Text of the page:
Jawad, a nurse from Tunisia, describes his first three months in the U.S. as like walking in a dream; he could not believe he was here. The opportunities were beyond his expectations.
“You could get a job like that,” he said, snapping his fingers.
He worked in warehousing and then as an Uber driver, but establishing a professional career proved much more challenging. Despite shortages in healthcare workers and the significant need for bilingual nurses, Jawad faced a long and complicated path to relicensing in the U.S. The process requires foreign trained nurses to pass a difficult English proficiency exam.
Jawad reflects, “Immigrants don’t know how high the expectation is and when they fail, they become discouraged. They have lost time. They become overwhelmed. They just stop.”
English proficiency is just the first hurdle on the path to relicensing. Next, immigrants must have their foreign credentials evaluated through an accredited U.S. evaluator and pass the U.S. board exams, often years after completing their original studies.
“The exams should be hard,” Jawad agrees, but he also feels the lack of guidance is harmful to both immigrants and the broader healthcare system, which is missing out on an opportunity to optimize much needed talent.
The agencies who handle licensing are overwhelmed and unresponsive, creating a bottleneck for immigrants like Jawad who feel they have no other option but to wait for the information and help they require.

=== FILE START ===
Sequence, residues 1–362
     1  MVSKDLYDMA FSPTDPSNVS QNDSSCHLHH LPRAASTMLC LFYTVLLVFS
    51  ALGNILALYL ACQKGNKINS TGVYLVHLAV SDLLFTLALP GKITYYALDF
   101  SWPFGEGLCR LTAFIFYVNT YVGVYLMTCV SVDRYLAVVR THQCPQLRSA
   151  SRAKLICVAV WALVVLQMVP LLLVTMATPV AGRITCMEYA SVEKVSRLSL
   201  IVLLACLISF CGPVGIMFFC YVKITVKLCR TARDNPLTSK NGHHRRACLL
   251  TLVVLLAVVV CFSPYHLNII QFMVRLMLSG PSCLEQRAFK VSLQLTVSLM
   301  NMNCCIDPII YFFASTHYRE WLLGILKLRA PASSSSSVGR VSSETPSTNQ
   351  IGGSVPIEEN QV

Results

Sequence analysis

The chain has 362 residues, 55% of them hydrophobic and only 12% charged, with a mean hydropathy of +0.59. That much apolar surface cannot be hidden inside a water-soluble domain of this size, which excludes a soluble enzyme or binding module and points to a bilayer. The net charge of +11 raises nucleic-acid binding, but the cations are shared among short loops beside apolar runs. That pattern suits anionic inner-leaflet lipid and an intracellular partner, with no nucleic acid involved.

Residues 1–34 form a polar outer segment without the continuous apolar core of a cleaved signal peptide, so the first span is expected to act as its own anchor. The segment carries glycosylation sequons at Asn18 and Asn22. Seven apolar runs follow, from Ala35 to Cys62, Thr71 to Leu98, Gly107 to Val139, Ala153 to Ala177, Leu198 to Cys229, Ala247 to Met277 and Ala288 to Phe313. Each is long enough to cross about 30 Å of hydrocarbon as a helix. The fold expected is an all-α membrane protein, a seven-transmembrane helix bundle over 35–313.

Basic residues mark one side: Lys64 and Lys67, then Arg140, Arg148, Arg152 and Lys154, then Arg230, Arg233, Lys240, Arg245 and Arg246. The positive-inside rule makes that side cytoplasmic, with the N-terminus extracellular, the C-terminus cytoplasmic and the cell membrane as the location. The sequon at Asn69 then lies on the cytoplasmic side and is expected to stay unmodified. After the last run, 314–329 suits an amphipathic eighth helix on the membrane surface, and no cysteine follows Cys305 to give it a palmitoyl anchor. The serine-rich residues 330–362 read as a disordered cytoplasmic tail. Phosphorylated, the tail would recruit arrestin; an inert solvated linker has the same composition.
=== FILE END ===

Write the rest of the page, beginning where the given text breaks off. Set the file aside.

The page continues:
Jawad recalls, “I met a lot of nurses from Central America, Africa, and Europe who became frustrated and gave up.” Jawad was trying to figure out his next move and considering going back to school when someone at a local college gave him Upwardly Global’s contact information.
“To be honest,” said Jawad,” I couldn’t do it on my own, it was too complicated.”
Upwardly Global provided Jawad with clear information, contacts, and the support he needed to cross the finish line. In particular, he credits his career coach Tamar with connecting him to an instructor that teaches the board exam for foreigners. Through this contact he had unique access to detailed technical advice throughout his application process, ensuring small, common mistakes did not derail him from reaching his goal.
Today Jawad works as an ICU nurse at a leading Chicago hospital and hopes to one day work in anesthesiology. For his current employer, his license couldn’t have come soon enough. During the pandemic, there was one point when a floor of the hospital was facing a shortage of over twenty nurses. Jawad offers valuable insight into how we might better optimize foreign talent like him to meet this demand. He suggests preparing immigrants with more detailed information that will set them up for success or allowing immigrants to opt out of the English exam if they pass a high-level college ESL course. In general, he says foreign trained nurses need more guidance about where to start and where to focus. While the lack of navigational support is a barrier, Jawad still sees immense value in the U.S. system, which he still says “puts freedom above all else.”